Here is a general suggestion and a request for everyone concerning the way that we write or type the date. You may expect that dates should be written as month first, then day and then finally year. This format is usually represented as MM/DD/YY or MM/DD/YYYY. Most people I know write or type the date this way as it is the way they have almost always seen it formatted. However, it may surprise you to know that this method is common to the United States, but is not used throughout the world. Sometimes, the day is first and then the month and year or some other arrangement. There is also an international method that should be used whenever possible. There are some good reasons why.
First off, knowing that dates can be interpreted differently than the USA standard method, you might be looking at a date written as 03/04/99 and you might wonder if this is March 4th or April 3rd of 1999. In fact, you don't even know if it is 1999 and not 2099 (or 1899 for that matter).
For usability and international acceptance there is a method of expressing dates that can be used physically --like when you fill out checks or other paperwork-- as well as digitally. This method uses YYYY-MM-DD or YYYY/MM/DD. This method makes sense because it lists the year first, and then the month and day. This goes from longest period of time, to the shortest and it is not as ambiguous. Switch to international date formatting on your computer, and for your web sites.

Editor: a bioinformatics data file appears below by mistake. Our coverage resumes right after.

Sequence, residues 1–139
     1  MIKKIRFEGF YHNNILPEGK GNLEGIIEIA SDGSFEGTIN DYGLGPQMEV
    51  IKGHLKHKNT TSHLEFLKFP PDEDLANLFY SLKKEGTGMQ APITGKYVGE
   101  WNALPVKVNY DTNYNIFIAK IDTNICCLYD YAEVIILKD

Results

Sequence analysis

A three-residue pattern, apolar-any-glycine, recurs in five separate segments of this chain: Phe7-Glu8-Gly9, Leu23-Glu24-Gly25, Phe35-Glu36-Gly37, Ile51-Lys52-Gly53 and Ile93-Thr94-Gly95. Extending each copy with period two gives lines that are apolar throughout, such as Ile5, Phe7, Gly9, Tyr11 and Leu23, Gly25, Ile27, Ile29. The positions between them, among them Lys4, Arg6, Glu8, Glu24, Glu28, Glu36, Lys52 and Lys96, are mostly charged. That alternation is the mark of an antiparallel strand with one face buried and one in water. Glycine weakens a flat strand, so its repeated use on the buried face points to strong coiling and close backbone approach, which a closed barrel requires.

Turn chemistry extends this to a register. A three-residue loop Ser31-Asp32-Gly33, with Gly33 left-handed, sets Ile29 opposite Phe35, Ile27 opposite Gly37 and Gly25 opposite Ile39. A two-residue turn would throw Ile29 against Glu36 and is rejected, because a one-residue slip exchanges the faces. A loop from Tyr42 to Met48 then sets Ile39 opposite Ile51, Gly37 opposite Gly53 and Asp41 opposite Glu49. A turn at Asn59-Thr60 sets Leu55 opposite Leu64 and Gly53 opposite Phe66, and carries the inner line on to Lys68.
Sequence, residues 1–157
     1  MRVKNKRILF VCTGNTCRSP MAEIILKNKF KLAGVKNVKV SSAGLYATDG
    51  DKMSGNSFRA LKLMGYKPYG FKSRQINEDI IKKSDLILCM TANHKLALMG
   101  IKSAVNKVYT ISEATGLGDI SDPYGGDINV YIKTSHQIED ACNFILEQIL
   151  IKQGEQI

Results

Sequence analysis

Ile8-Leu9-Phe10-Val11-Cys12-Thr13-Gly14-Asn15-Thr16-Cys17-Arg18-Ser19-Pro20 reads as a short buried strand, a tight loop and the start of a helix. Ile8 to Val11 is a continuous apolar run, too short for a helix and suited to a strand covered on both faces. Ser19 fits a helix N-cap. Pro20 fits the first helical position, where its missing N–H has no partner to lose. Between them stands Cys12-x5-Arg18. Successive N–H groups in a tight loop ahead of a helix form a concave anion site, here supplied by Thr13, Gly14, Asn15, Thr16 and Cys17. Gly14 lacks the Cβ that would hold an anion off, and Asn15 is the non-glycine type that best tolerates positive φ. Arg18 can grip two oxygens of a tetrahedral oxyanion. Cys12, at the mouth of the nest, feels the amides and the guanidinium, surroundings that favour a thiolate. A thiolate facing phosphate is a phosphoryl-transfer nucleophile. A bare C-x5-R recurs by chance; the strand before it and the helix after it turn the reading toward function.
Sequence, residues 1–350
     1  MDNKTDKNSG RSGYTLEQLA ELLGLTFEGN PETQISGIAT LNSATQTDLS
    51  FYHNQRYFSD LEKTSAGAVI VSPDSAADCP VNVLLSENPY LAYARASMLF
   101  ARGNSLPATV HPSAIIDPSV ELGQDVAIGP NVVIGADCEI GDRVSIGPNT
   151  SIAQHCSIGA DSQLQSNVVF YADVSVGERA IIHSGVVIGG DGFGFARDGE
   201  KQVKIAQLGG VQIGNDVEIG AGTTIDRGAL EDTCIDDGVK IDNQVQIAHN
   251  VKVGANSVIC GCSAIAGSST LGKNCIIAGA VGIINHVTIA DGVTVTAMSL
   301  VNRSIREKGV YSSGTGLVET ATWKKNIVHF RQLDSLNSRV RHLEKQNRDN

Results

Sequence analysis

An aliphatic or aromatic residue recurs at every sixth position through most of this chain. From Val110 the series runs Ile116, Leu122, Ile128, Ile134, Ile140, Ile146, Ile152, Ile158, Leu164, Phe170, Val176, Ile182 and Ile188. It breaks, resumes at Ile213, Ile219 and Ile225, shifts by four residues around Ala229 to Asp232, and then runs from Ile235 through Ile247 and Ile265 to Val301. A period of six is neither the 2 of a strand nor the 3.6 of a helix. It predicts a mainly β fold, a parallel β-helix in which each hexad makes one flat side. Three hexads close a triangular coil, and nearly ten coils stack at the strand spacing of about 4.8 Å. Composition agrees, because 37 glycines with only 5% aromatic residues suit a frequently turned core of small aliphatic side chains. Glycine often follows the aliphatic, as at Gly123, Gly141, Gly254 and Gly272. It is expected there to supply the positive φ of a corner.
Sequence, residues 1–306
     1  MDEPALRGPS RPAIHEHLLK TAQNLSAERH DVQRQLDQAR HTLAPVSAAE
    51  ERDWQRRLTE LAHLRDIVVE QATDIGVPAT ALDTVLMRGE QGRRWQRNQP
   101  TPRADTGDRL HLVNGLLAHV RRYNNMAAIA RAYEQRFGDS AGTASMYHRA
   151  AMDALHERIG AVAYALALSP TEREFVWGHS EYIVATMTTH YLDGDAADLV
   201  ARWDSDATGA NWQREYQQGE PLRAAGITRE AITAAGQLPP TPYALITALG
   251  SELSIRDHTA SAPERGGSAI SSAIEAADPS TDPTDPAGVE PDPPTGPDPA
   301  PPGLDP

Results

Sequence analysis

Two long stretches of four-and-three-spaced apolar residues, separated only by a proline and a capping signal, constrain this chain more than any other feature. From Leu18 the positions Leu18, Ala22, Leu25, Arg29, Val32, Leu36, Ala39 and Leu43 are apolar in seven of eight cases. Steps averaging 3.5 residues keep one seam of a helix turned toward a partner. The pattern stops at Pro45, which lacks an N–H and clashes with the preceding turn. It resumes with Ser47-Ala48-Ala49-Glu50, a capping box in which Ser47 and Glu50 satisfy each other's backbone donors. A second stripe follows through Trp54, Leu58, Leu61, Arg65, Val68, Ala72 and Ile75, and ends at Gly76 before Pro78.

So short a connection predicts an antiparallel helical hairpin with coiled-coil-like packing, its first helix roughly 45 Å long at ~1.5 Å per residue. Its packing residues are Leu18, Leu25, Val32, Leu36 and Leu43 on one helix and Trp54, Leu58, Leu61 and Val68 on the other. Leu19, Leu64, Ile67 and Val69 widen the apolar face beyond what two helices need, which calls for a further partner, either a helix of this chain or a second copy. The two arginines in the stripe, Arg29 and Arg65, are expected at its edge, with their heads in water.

If you have administrator rights in Windows XP, you can change the setting on your computer to display the date correctly in this new format. First, open up the Control Panel and then look for the Regional and Language Options. Open this menu and look for the first Regional Options. The drop-down menu will most likely be set for English (United States). Click the Customize button and a new menu will open. On this window, look for the Date option and change the short date format to yyyy/MM/dd. Then the above example date of April 3rd of 1999 would appear as 1999/04/03. It takes some getting used to, but it will work better for you in the long run.
Learn more about this concept as a web tip at w3.org.